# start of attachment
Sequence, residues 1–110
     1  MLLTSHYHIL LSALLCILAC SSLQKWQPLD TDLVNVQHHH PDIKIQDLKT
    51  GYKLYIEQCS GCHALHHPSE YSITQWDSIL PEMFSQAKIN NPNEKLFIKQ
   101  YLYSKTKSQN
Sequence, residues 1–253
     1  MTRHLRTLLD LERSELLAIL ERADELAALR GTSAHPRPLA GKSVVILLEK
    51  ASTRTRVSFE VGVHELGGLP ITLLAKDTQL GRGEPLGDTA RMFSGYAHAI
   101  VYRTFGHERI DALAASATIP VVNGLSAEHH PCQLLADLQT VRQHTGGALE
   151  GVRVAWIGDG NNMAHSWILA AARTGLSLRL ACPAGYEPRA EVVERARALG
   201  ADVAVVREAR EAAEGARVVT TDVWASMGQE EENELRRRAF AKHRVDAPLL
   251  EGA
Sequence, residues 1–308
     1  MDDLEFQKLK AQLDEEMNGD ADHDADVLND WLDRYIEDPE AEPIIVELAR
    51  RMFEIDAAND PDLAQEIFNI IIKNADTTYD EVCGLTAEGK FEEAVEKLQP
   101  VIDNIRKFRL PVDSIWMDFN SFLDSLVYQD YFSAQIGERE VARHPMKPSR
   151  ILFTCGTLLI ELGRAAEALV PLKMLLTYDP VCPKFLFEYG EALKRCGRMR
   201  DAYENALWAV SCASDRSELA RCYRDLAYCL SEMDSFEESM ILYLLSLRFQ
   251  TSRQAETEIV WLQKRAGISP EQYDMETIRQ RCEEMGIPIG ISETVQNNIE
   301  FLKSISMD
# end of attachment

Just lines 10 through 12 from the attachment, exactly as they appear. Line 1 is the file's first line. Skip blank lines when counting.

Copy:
   201  ADVAVVREAR EAAEGARVVT TDVWASMGQE EENELRRRAF AKHRVDAPLL
   251  EGA
Sequence, residues 1–308